THE purpose of sights is to assist in aiming the piece. The national organizations allow only " open " sights in pistol and revolver shooting. " Peep " or " aperture " sights are barred. The rear sight usually consists of a notch shaped like a V or a U, the notch being as wide on top as at any part. The front sight is a piece of thin metal set on edge. Sometimes the latter has a special shape or section resembling a pinhead when looking at it from the breech, as in aiming.
Military sights usually consist of a plain groove in the top of the frame for the rear sight and a tapering front sight fixed to the barrel near the muzzle.
Target sights are made in endless variety to suit individual ideas. The sights most generally used for target shooting are the " Paine" sights, named after Chevalier Ira A. Paine, who invented and was the first to use them. The rear sight is a flat bar with a semi-circular notch, and the front sight is a "bead" sight; that is, a sight that resembles a pinhead when aiming.
Another sight that many of the best shots are using is the "Patridge " sight, developed by Mr. E. E. Patridge of Boston, Mass. The rear sight has a wide rectangular notch; the front sight is plain, with a square top. The distinctive features of these sights are the ivory bead of the front sight and the horizontal ivory line in the rear sight. These sights are well adapted for hunting and shooting at objects with a dark background.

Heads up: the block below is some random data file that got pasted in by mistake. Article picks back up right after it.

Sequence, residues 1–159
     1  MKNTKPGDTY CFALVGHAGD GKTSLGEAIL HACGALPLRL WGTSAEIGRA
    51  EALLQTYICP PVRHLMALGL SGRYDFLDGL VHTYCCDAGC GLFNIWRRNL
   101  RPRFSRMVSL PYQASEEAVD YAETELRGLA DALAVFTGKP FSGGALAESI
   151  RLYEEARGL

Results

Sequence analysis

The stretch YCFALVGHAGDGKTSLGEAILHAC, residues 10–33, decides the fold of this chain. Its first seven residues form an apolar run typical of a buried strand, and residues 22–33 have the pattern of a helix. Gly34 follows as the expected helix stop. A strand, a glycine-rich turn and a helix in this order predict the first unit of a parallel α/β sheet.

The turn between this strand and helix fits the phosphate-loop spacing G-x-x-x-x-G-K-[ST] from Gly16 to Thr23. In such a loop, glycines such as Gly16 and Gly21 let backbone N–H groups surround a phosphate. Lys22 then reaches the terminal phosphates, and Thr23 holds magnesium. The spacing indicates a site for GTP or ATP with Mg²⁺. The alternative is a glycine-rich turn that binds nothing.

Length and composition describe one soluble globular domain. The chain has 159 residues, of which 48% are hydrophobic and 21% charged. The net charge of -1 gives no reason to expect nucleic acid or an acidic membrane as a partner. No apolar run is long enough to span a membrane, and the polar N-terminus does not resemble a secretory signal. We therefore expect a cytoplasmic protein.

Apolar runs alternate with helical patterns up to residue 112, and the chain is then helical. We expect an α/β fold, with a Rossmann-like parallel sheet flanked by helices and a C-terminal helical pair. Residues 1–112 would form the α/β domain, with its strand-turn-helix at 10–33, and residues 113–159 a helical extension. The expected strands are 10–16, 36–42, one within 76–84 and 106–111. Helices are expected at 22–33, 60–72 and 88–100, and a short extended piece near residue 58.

These sights have been referred to in the order in which they are most used. It is generally necessary for individuals to try various sights before they are able to select intelligently. In target arms different-shaped sights may be used in the same base or fitting, so that it is a compartively easy matter to try any or all of these sights on the same arm.
The notch of the rear sight should have a bevelled edge concave toward the front. This will secure sharpness of outline in any light. The front sight should also be distinct and is found to be more satisfactory when the side toward the eye is a surface at right angles to the line of sight.
Himmelwright, A.L.A.. Pistol and Revolver Shooting. New York: MacMillan, 1922.
|Are you aware that Google is offering +1 to Everyone? Share your +1 with Every One of Your Friends by looking for the +1 on websites everywhere!" |
If you liked this site, click
Order Online 24 Hours a Day, 7 Days a Week, 365 Days a Year